Taking care of a parent in old age does not give one added advantage to inheritance, the High Court has ruled in a property row involving eight siblings.
Justice Florence Muchemi held that the Law of Succession Act mandates equal distribution of the estate of the deceased without discrimination, mostly where there is absence of a valid will.
She was ruling in a case where a woman wanted her husband to get a stake of her deceased father’s estate because he had taken care of him at old age.
Ms Jerusha Wambui claimed that her husband, Mr Moses Mbogo, took care of the deceased, Kubuta Kamara, by giving him a goat for soup.
Kamara died in 2001 at Mwea Hospital. The eight children had already shared out the estate of the deceased save for a plot in Wang’uru Mwea, which was the subject of the dispute.
When the succession proceedings began, the plot was left out of the list of the deceased’s assets.
Ms Wambui, who was the administrator of the estate, testified that she was advised to leave it out when commencing the probate proceedings by her advocate.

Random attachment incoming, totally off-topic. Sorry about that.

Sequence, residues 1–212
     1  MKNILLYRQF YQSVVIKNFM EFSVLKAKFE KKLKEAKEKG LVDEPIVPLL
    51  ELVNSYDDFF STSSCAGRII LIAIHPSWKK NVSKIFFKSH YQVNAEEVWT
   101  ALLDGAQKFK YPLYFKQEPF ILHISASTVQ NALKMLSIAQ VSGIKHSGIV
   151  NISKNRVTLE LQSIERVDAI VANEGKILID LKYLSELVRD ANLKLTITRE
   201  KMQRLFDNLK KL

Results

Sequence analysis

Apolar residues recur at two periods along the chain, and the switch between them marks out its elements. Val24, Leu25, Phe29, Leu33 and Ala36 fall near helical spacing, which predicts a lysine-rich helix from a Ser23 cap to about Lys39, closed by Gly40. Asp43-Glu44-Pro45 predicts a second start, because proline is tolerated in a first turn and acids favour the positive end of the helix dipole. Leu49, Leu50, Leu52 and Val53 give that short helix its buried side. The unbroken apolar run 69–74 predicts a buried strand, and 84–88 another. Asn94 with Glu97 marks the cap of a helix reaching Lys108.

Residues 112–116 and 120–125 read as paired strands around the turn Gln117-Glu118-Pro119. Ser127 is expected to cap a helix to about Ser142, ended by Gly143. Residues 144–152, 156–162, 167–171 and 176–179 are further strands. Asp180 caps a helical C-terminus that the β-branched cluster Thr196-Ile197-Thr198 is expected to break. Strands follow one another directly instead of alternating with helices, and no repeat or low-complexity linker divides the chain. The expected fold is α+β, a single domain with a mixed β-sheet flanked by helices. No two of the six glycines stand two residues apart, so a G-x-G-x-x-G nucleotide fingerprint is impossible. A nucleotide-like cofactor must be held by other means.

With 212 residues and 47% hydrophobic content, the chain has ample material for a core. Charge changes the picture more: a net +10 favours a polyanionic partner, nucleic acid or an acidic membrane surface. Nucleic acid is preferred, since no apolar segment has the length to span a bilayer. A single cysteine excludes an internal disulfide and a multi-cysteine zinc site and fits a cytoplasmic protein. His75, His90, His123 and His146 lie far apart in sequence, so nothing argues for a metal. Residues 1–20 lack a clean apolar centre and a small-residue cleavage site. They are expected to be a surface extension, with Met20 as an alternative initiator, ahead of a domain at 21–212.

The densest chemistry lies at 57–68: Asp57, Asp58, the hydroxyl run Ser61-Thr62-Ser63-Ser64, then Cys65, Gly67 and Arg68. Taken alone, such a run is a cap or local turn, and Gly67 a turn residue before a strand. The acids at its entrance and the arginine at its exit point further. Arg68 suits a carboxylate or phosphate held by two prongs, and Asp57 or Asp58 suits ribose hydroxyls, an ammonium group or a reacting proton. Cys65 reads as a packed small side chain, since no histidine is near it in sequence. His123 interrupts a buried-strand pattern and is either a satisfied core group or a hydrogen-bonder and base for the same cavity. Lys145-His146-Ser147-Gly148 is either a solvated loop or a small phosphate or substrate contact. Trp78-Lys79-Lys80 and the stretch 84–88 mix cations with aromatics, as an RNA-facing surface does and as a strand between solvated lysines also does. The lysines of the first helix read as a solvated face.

But Justice Muchemi found the move deliberate with an intention to later sneak it in so that the benefit may go to Ms Wambui and her husband in exclusion of all other beneficiaries.
“This is confirmed by the fact that Ms Wambui did not serve the application on her siblings even after the court so directed on May 6, 2019. On May 28, 2019, she came to court alone just for the court to remind her again to serve the application,” said the judge.
Ms Wambui filed the matter seeking to have the disputed plot registered in Mr Mbogo’s name.
In her testimony, she said the deceased had bequeathed the plot to his son-in-law Mbogo as a gift prior to his death.
The judge noted that if the deceased wanted to give the plot to Ms Wambui’s husband, he would have done so during his lifetime.
Ms Wambui claimed her husband paid the cost of subdivision of the deceased’s land, LR. Ngariama/Lower Ngariama/10, and was to be compensated with the plot.
The judge ruled that her explanation was not convincing, adding that all the debts, if any, ought to have been sorted out during the lifetime of the deceased.
Ms Wambui’s argued that the plot was given to her husband by the deceased during his lifetime and that he had developed it extensively over 22 years.
The other seven children were opposed to Ms Wambui’s application, arguing that she had purposively left out the suit property from the list of their father’s estate.
They added that the deceased never allocated the plot to anyone at the time of his death.